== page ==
Jason Olbres

A design/build project can often have a downside--you can't build until you have a design, and sometimes the ideas just aren't flowing. Those at design/build firms can often end up with an "island effect", where they aren't collaborating with outside architects or builders for new and fresh ideas for a project.

Remodeling contributor Bruce D. Snider presents three methods for refreshing your brain, as told by design/build pros:

Get Lost, Then Come Home: Mix up your home and away time by getting to know your market, but taking trips for other design ideas. Design/build remodeler Jason Olbres says he keeps in touch with other building professionals by staying active in the Nantucket Builders Association, where he is based, but he and his wife and design partner travel internationally for a change of scenery.

"We’ve gone to Morocco, where they do a lot of wood details on their ceilings and exposed rafters, and we brought that idea back with us for one of our projects. We kind of Nantucket-ized it by painting it white, rather than the bright blues, yellows, and reds we saw in Morocco, and we got some Moroccan-inspired tile for the mudroom,” he says.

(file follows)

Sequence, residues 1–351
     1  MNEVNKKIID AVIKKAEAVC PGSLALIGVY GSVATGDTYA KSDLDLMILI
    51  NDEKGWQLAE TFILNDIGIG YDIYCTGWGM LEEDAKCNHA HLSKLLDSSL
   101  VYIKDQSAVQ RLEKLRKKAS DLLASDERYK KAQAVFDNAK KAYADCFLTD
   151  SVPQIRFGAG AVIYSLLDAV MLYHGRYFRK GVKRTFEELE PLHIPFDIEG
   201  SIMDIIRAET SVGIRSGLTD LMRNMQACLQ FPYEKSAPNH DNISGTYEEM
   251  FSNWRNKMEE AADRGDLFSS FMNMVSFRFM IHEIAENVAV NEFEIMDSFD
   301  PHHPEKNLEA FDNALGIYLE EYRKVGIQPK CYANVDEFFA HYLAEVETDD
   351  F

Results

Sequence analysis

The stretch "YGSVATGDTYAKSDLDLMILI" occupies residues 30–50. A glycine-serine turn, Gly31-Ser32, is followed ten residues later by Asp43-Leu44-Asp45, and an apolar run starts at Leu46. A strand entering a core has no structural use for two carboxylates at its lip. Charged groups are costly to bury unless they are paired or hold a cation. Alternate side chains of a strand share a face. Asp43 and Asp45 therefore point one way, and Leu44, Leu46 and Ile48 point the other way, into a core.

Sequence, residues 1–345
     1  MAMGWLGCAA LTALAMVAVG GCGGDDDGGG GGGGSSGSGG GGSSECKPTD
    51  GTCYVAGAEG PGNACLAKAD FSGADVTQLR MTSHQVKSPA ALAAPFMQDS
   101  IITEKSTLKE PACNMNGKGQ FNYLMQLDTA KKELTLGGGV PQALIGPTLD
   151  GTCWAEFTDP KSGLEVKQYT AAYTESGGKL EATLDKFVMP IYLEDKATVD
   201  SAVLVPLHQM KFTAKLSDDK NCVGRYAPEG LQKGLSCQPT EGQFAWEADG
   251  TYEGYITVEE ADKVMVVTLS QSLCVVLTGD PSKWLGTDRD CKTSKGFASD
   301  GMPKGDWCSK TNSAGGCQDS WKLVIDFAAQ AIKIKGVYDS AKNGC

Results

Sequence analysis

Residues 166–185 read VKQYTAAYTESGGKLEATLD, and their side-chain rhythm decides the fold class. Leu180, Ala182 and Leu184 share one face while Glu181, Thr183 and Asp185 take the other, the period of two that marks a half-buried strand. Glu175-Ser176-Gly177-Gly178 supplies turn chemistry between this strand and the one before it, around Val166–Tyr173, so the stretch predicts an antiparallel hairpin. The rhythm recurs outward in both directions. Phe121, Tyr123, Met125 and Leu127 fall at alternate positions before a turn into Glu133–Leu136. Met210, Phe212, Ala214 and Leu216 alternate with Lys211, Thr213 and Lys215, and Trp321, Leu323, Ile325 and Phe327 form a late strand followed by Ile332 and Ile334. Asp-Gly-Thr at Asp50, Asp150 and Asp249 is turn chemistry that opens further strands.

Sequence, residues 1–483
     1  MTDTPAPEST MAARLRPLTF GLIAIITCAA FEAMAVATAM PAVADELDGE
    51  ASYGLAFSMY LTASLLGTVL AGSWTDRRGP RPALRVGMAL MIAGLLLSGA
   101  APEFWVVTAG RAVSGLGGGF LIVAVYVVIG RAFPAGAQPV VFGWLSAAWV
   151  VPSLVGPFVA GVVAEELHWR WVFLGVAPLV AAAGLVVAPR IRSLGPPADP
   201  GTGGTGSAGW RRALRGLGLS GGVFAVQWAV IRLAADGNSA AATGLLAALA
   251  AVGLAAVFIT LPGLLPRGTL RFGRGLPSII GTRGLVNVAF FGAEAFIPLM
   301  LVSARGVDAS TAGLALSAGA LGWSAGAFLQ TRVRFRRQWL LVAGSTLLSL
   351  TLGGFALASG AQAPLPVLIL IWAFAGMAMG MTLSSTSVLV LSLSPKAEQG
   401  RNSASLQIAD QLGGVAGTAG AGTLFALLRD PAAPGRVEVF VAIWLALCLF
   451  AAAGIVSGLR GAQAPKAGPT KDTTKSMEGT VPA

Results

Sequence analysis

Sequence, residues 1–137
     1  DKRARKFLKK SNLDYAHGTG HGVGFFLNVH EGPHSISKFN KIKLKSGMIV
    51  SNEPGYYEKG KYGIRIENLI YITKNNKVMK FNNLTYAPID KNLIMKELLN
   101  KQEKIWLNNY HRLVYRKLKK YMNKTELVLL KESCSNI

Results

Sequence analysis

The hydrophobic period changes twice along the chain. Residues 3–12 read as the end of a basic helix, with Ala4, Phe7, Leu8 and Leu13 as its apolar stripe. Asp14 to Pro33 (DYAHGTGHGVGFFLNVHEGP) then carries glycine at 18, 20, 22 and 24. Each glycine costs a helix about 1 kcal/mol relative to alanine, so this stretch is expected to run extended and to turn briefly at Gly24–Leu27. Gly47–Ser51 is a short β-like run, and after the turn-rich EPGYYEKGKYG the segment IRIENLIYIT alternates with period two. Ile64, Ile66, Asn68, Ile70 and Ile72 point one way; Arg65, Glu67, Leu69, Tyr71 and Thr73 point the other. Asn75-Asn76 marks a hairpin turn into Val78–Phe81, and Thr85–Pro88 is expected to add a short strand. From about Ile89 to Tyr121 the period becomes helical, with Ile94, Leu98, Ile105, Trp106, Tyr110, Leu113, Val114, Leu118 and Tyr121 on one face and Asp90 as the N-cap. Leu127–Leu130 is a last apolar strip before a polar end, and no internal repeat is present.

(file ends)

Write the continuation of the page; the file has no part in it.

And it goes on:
Get a Lift from Clients and Crew: Chevy Chase, Md.-based design/build architect Bruce Wentworth says that hiring young people is key. “Hiring young people helps, because they’re eager to learn, and they bring new ideas,” he says. “Experience is indispensable, but you need a mix. When a problem comes up, I can say, ‘Well, this is how I’ve dealt with this in the past.’ Young people don’t have that experience, but they often can point out a new technology that will help solve the problem, or present a new way of looking at it.”

Broaden your Market and Capabilities: Though your firm may only specialize in residential work, there is a lot to be gained from professionals in the commercial industry. Designer/builder Christian Harper says that commercial clients approach their projects with an agenda that’s refreshingly different from that of his residential clients. “In commercial, the owners want you to be super-creative, unique, and to help them build a brand,” he says, and they’re accepting of creative risk. Compared with a typical residential project, that allows “a much broader perspective on design.”

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